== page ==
According to Everyday Health, blood clots are the main cause of death of one in four people throughout the world. Also known as thrombosis, blood clotting is among the health conditions with which people are not as familiar as they are with other health issues like hypertension, prostate and breast cancer, and AIDS. Moreover, only a small percentage of people know that this health complication can be averted.
What Happens during Thrombosis?
Blood clotting is known to lead to strokes, heart attacks, and venous thromboembolism, a condition characterized by the formation of blood clots in the legs’ deep veins that can travel through the circulatory system and lodge in the lungs. Despite the fact that it can be fatal, this serious health concern may be prevented. This being said, the major symptoms of it should never be neglected. Some of them are shortness of breath, dizziness, fast pulse, chest ache, and coughing blood.
How to Avert Venous Thromboembolism?
A lot of VTE cases can be averted by knowing the most common risk factors associated with it like:
- Immobility for a prolonged period of time
- Taking birth control pills or hormone-replacement therapy
- Some genetic conditions like Factor V Leiden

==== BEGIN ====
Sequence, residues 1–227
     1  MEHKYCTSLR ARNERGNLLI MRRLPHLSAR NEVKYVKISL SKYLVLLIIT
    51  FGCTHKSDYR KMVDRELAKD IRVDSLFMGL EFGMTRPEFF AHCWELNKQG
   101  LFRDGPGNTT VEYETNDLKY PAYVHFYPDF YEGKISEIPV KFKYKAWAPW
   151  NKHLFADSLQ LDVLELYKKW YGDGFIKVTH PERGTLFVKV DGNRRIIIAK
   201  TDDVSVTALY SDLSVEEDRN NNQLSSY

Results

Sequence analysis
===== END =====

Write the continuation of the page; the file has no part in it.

Here are some useful tips on how to minimize the chance for VTE:
- Stay proactive; for example, if you are having surgery, make sure you consult your doctors for a VTE risk assessment or ask whether you are a suitable candidate for blood thinner meds
- Consult your physician on how to best lower your chances for this health problem
What Happens with VTE Survivors?
This health-related complication may lead to chronic disability in those who have non-fatal clots in the lungs or legs. PTS or post-thrombotic syndrome is a painful and a disabling clot-related problem in the deep veins of the legs. It manifests through chronic ache and swollenness in the legs after prolonged standing and may also contribute to the formation of skin ulcers. It may lower one’s quality of life and restrict the capacity to work.
Lung blood clots, particularly recurrent ones, may lead to chronic pulmonary hypertension, a condition during which the lung artery pressure is constantly high and it is characterized through signs like shortness of breath while working out or poor heart function. This may often restrict the sufferer’s activity and surgery may also be required.
Do not miss out the video below if you want to learn more about this rather common health issue: